Positive Feedback Does Not Occur Between Garlic Mustard (Alliaria petiolata) and Eurasian Earthworms

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Eurasian earthworms are a growing concern to forests in northern regions of the United States and Canada. Earthworm invasion alters nutrient retention and uptake in ecosystems and reorganizes plant and animal community structure and composition. Likewise, garlic mustard (Alliaria petiolata) invasion alters native plant communities. Many studies have examined the positive relationship that may exist between invasive shrubs and Eurasian earthworms; however, very few have examined the interactions between garlic mustard and Eurasian earthworms. Our goal is to characterize the relationship between garlic mustard and Eurasian earthworm species in southwest Ohio forest understories. Earthworms were sampled by liquid mustard extraction. Earthworm community composition, abundance and biomass were compared between 0.1 m2 plots consisting of garlic mustard, cut-leaved toothwort (Cardamine concatenate), or wild ginger (Asarum canadense).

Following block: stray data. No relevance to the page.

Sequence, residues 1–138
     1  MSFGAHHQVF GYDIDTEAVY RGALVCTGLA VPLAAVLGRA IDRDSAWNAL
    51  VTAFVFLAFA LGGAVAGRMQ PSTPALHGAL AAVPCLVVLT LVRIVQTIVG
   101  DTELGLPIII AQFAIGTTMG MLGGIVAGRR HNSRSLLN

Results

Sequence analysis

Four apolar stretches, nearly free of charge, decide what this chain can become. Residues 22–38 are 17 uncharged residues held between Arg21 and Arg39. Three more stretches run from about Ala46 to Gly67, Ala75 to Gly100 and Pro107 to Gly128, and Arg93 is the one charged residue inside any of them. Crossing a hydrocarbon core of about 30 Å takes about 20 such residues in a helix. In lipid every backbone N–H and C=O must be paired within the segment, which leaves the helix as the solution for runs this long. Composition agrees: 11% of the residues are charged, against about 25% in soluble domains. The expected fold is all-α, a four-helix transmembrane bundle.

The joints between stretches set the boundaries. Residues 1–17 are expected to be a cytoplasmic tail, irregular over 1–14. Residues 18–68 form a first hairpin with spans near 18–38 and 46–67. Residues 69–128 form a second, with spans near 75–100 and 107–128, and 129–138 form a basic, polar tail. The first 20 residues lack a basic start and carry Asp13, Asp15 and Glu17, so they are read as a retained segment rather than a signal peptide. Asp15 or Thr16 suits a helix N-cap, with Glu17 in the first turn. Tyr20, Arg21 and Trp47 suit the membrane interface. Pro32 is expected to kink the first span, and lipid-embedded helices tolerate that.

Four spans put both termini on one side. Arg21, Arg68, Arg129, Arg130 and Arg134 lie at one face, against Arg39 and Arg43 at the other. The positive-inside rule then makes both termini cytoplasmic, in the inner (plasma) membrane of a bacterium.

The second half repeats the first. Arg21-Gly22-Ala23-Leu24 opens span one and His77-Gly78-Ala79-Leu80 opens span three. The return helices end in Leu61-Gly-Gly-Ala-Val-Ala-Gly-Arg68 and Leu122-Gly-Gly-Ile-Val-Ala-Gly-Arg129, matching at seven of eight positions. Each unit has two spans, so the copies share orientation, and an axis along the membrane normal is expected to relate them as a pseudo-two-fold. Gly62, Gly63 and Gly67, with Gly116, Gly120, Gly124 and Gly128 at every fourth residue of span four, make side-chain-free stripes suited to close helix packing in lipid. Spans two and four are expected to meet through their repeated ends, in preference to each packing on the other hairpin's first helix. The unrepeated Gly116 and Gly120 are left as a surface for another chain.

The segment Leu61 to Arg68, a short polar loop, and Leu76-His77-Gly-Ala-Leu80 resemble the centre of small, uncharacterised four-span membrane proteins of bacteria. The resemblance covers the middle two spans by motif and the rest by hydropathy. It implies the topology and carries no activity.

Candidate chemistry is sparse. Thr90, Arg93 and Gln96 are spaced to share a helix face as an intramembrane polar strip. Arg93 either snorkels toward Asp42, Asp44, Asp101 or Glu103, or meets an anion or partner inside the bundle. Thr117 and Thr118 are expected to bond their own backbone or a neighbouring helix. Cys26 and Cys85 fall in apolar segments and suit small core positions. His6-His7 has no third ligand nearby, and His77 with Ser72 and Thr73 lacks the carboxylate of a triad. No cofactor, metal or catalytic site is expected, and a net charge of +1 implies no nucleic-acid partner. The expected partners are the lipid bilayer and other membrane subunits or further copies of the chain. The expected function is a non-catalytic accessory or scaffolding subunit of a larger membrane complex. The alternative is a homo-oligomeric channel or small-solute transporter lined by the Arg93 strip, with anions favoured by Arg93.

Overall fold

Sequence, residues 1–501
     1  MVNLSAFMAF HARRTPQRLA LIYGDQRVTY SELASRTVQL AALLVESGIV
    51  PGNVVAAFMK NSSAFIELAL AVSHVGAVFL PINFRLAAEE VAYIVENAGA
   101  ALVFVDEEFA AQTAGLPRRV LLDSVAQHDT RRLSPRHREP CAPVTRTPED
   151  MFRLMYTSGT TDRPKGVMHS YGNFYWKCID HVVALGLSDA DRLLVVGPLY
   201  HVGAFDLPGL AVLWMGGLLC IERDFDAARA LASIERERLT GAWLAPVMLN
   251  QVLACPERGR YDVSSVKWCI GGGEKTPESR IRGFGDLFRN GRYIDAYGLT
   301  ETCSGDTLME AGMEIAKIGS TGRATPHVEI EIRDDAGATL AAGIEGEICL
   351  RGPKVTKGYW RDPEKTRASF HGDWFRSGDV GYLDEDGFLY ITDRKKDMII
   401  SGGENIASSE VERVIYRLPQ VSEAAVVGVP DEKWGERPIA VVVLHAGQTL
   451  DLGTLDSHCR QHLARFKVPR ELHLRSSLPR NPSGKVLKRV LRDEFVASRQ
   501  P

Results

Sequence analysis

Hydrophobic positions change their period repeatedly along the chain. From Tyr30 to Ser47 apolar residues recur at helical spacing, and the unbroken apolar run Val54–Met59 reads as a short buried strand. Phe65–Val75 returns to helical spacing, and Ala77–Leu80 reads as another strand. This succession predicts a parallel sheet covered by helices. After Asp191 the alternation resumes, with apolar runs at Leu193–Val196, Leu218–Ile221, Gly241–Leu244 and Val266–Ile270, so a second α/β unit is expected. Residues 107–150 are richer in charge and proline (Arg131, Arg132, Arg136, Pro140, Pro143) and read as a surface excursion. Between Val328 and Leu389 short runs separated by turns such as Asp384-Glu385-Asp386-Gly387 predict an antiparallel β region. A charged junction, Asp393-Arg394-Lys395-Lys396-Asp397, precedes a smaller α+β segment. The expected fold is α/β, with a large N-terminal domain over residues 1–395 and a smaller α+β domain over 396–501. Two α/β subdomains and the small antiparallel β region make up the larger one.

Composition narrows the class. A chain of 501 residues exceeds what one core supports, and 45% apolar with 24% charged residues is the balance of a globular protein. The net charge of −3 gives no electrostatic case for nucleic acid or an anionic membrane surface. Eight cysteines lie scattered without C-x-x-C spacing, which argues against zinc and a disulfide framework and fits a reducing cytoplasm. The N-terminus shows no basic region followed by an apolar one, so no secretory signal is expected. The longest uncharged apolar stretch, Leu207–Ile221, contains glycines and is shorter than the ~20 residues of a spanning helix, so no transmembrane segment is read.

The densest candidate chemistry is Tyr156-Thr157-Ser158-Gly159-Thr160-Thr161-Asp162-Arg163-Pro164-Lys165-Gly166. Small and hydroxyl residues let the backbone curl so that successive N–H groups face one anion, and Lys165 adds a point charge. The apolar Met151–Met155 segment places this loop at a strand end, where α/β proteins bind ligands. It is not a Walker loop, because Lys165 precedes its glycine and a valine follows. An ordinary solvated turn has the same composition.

Presented at the 97th Ecological Society of America Annual Meeting, Portland, OR.